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In the News: New Pill to Ease Addiction Cravings?

By Tomretterbush @thomretterbush
In the News: New Pill to Ease Addiction Cravings?One of the major obstacles to recovery are the cravings
One of the major obstacles to recovery for addicts, whether they are hooked on drugs, alcohol, or both, is handling the cravings that come with not using. In some cases, the cravings are so strong that they outweigh the desire to stop using, making it nearly impossible to live a clean and sober life. However, some doctors are prescribing medication that could effectively reduce – or even eliminate – cravings for alcohol and opiate drugs, like prescription drugs and heroin. 
In clinical trials of the opioid blocker naltrexone, marketed under the names Revia, Depade, and Vivitrol, patients saw a significant reduction in cravings for alcohol, and the effects of opiates were completely blocked by the drugs. Although naltrexone has been used to treat alcohol and drug dependency for some time – it was approved for alcoholism in 1995 – it wasn’t until October 2010 that the FDA approved the use of Vivitrol to treat opiate addiction.

Does it Work?

While scientists do not completely understand how naltrexone blocks alcohol cravings, studies have indicated that patients who take the drug report fewer cravings, fewer drinking days and fewer relapses. It does not block the effects of alcohol, though – meaning that if a patient does slip and drink while taking the drug, he or she will still experience some of the effects of alcohol, although the desire to keep drinking will be significantly reduced.
Studies do show, however, that naltrexone effectively blocks the effects of opiate drugs, making cravings for the drugs nearly nonexistent. Opiate addicts can only take the drug after going through withdrawal, and have gone at least 7-10 days without any opiates in the system. If the patient has opiates in the system, potentially harmful side effects could occur.

In the News: New Pill to Ease Addiction Cravings?

It's no Superpill

Naltrexone is not a “magic pill” though. Simply taking a dose will not end chemical dependency forever, without going through the rest of the recovery process. Naltrexone medications are most effective when administered in conjunction with additional physical and psychological treatment, including therapy and rehabilitation services.
The drug also works best when it’s administered in a controlled environment, such as a rehabilitation center or in an outpatient clinic setting, as studies have shown that when addicts attempt to self-administer the drug, they have a higher risk of relapse.
The amount of naltrexone prescribed, and the frequency of doses, varies according to the patient and the addiction being treated.
Studies indicate that alcoholics who take 50mg per day for about three months have the highest level of success. In the case of those addicted to opiates, a more flexible approach to dosing has been proven effective; most patients receive an average of 50mg of naltrexone each day, either administered daily, or in intervals of 100 or 150 mg every 2-3 days. The length of treatment varies according to the individual patient’s rehabilitation progress.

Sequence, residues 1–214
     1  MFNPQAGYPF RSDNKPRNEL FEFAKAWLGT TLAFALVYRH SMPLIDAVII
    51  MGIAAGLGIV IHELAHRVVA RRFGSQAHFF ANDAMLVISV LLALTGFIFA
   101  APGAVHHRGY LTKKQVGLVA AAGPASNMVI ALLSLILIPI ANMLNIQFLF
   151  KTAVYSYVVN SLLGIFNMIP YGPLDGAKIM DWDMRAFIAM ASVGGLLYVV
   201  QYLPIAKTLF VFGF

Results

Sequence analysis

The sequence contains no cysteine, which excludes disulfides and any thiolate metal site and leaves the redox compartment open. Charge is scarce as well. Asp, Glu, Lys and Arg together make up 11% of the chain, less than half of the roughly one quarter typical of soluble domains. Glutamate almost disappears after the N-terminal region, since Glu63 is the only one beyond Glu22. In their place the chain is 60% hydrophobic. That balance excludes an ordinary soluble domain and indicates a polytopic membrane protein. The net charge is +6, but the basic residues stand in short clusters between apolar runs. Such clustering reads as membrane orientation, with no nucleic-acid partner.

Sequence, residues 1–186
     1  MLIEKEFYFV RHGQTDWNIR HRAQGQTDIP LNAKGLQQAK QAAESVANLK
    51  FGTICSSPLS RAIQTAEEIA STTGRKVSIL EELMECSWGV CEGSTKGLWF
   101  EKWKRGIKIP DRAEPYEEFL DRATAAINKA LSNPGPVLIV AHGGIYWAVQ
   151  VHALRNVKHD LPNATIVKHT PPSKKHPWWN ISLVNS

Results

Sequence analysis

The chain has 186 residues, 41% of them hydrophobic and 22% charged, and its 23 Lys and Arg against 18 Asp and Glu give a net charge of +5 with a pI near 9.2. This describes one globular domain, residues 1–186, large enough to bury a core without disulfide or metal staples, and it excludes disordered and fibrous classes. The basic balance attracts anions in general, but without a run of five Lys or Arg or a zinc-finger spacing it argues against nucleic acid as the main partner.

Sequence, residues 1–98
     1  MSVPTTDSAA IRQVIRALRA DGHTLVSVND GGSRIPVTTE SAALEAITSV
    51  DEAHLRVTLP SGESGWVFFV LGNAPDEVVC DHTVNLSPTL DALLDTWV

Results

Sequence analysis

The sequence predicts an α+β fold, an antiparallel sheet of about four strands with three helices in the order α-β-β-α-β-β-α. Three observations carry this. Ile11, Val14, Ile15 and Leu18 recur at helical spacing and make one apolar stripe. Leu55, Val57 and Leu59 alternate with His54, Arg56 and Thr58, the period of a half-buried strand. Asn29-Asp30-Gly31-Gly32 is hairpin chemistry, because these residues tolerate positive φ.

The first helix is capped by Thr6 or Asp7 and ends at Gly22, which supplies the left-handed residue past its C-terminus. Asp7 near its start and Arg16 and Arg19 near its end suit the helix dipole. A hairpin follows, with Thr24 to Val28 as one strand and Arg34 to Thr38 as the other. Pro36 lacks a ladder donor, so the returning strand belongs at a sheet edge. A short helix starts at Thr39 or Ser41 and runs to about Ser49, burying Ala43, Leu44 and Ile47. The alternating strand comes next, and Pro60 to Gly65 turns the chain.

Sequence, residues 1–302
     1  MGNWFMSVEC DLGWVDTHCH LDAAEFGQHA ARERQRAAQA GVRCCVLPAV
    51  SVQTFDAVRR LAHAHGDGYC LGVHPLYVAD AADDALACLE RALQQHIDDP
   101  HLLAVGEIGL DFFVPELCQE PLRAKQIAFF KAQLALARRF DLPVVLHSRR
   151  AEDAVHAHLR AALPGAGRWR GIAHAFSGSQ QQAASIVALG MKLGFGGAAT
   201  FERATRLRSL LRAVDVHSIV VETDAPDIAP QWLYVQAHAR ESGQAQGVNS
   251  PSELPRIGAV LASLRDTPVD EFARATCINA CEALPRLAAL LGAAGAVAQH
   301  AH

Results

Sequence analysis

Side Effects

Unlike other drugs used to treat addiction, naltrexone is not habit forming, and stopping the medication suddenly will not cause withdrawal symptoms. In fact, other than the changes in addictive behavior, patients rarely know that they are even taking a drug – and it does not prevent the patient from experiencing pleasure outside of their addiction. Some patients do report side effects, including nausea, headache, fatigue or sleepiness, insomnia and anxiety, and the drug can cause liver damage. Patients considering taking naltrexone undergo extensive medical testing before beginning treatment to rule out liver or kidney problems that could be worsened with treatment. Naltrexone is also unsafe during pregnancy.
Naltrexone is only an effective treatment for – and approved to treat – alcoholism and opiate addiction. It is not an effective part of a treatment plan for addiction to narcotics such as cocaine or methamphetamines.
Battling a drug or alcohol addiction is not an easy fight. No matter how the addict chooses to get sober, the process is long and challenging. Drugs like naltrexone are simply a part of the treatment plan, one designed to improve the chances of success and long-term recovery. Combined with a comprehensive plan to address the psychological issues associated with addiction, proper physical care and behavioral modification and a strong support system, naltrexone-based treatment can help an addict stay on the road to lifelong sobriety.
Written By: Gregg Gustafson
Gregg Gustafson is a freelance writer and consultant for Gustafson works with individuals who suffer from alcohol abuse, in turn referring them to some of the most prestige alcohol addiction centers active today.
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In the News: New Pill to Ease Addiction Cravings?

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